The artists behind Toiletpaper magazine, Maurizio Cattelan and Pierpaolo Ferrari, have collaborated with Wieden + Kennedy New York on dating app OkCupid’s new campaign. Based on the concept of reappropriating the acronym DTF – “down to fuck” – the posters apply the artists’ signature, saturated colours and surrealist imagery to typographic and photo pairings, giving new meaning to the phrase.
Split-screen images emblazon DTF in retro, bold, 3D letters, with each featuring a different representation of what the “F” stands for: Down to Fire Up the Kiln, for example, is placed opposite a couple getting creative with pottery clay. Down to Filter Out the Far Right is shown with a photo of someone throwing a handgun down the toilet. Each uses vibrant, complementary colours in a pop style.
With the campaign, OkCupid hopes to “flip the script on DTF”. “You’re an interesting, thoughtful person. Of course you deserve better than late-night ‘U up?’ texts, and your dates talking with friends about whether or not you’re DTF. Something has to change, because the problem with phrases like DTF is that too many people, especially women, don’t appreciate the question or the context. In a recent poll of 60,000 OkCupid users, nearly 80% of women said there’s too much emphasis on being DTF in dating today.
“So if DTF is here to stay, we can change its meaning so it does the opposite of what it does now. So instead, it makes you feel confident and empowered. The F should be whatever the F*ck you want it to be. Flip that hair. Fight about the President. Fall head over heels. Because you deserve the exact same thing that dating deserves: better.”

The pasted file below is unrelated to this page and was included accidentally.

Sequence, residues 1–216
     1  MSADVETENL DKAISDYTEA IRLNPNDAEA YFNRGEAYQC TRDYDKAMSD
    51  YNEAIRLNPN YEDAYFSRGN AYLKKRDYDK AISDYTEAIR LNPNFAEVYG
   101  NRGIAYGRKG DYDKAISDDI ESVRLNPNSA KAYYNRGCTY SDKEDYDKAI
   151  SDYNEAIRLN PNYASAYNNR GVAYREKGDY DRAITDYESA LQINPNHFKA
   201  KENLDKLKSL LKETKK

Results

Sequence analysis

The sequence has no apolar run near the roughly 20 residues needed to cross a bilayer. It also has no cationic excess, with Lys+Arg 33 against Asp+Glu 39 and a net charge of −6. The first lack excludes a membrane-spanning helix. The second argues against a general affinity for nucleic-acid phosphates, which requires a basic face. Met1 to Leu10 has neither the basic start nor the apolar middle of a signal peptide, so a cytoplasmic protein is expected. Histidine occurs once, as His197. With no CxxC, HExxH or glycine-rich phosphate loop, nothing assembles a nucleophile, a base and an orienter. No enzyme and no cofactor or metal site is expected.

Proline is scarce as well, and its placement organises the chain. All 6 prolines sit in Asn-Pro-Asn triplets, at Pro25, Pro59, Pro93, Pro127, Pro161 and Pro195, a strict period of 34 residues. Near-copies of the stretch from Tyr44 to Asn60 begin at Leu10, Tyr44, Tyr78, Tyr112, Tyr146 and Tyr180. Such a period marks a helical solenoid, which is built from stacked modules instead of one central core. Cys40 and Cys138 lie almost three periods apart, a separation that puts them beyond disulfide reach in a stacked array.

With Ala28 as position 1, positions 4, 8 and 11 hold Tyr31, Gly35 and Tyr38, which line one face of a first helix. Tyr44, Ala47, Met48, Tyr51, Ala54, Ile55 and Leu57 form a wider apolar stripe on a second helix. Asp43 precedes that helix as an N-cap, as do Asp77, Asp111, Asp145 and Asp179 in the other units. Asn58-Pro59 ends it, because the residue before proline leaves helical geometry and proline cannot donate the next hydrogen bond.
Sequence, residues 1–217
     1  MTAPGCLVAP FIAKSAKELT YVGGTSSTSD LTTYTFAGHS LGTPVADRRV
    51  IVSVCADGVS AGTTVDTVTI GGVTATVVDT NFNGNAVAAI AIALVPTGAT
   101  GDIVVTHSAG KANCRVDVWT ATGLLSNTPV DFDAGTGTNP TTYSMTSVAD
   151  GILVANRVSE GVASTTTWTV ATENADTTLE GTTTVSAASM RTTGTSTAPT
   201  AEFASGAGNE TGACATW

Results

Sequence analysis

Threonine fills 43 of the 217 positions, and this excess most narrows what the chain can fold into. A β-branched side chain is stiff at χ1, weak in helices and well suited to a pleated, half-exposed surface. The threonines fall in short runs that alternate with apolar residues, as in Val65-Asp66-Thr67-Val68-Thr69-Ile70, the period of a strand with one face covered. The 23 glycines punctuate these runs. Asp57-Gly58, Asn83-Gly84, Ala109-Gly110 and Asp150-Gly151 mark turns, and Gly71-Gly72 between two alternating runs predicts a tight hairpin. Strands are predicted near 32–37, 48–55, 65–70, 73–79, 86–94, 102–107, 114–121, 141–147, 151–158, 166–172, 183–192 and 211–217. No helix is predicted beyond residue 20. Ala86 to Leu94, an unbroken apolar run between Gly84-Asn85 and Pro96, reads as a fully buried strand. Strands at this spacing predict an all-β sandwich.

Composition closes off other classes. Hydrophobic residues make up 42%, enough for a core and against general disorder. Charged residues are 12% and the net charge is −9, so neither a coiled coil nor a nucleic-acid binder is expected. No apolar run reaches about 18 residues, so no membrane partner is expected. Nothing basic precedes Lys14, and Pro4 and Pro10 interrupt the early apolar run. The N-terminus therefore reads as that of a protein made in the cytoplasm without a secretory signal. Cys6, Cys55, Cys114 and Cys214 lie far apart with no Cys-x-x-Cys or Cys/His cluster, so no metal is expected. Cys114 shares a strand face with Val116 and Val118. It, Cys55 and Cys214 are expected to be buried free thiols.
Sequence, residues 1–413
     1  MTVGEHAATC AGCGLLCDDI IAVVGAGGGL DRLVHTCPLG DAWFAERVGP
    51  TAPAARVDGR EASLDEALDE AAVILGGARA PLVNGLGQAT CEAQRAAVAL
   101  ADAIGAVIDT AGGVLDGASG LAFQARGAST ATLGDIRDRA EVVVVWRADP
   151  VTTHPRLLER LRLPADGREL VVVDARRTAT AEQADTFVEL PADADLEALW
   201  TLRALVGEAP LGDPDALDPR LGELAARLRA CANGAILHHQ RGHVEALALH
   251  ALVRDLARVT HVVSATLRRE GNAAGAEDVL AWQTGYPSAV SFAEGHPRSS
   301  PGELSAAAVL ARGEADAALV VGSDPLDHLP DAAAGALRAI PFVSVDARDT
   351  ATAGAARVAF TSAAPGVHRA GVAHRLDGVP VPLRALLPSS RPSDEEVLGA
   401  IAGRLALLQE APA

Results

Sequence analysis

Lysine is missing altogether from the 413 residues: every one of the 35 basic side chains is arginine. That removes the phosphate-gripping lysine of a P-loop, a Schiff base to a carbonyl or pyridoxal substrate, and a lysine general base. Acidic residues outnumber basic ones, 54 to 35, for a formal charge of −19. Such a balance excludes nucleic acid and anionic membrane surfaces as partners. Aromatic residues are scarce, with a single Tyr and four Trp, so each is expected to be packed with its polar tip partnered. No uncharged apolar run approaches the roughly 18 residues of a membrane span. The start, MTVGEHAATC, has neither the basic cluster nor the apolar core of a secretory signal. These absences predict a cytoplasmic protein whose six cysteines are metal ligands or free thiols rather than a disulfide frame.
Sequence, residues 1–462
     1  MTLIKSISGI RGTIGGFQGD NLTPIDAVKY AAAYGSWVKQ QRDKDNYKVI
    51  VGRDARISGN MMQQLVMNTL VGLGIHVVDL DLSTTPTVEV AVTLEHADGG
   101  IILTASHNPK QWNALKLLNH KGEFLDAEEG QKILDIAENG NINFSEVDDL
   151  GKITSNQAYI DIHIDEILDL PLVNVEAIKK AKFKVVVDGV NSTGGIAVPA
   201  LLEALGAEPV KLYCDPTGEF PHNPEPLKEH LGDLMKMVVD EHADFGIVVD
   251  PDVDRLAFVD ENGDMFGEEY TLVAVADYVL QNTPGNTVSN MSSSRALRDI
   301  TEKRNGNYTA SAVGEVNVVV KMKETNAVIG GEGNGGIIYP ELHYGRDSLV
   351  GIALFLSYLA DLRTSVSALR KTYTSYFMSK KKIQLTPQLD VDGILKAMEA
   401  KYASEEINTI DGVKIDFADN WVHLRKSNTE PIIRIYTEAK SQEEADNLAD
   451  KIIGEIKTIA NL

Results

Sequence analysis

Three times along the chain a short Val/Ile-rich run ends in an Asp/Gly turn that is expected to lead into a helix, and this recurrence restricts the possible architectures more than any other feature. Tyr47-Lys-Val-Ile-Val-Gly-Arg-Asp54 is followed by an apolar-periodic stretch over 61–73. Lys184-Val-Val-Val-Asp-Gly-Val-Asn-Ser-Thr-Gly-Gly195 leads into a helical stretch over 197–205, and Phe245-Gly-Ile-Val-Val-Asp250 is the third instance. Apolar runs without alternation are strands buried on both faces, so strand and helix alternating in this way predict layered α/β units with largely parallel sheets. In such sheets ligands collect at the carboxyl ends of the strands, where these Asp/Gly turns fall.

This is the latest in some creatively diverse work from OkCupid since its rebrand featured an altogether cuter set of icons by illustrator Jay Daniel Wright; although this project is its first ever marketing campaign.
- Kieran Yates reflects on a world, and a year, in flux
- Paperpress locates the point where “graphic design and description overlap”
- Andrés Mañon documents Mexico City's queer creative scene through ornate portraiture
- Anna Haifisch gives us a reading of the best of The Artist series
- Yuri Suzuki on how the key design tool is always communication
- Anna Sullivan creates a look back at the fascinating tradition of stilt walking shepherds
- Alex Gamsu Jenkins’ comics remind us of how gross we really are
- Pop culture powerhouse Bryan Rivera's 2018 in graphic design
- Don't worry, be angry: how politics and creativity collided in 2018
- Vice magazine's creative team talks us through its new and unexpectedly different redesign
- DIA channels NYC and gives Squarespace its signature kinetic treatment in brand refresh
- London Art Fair gets an abstract and textural rebrand for 2019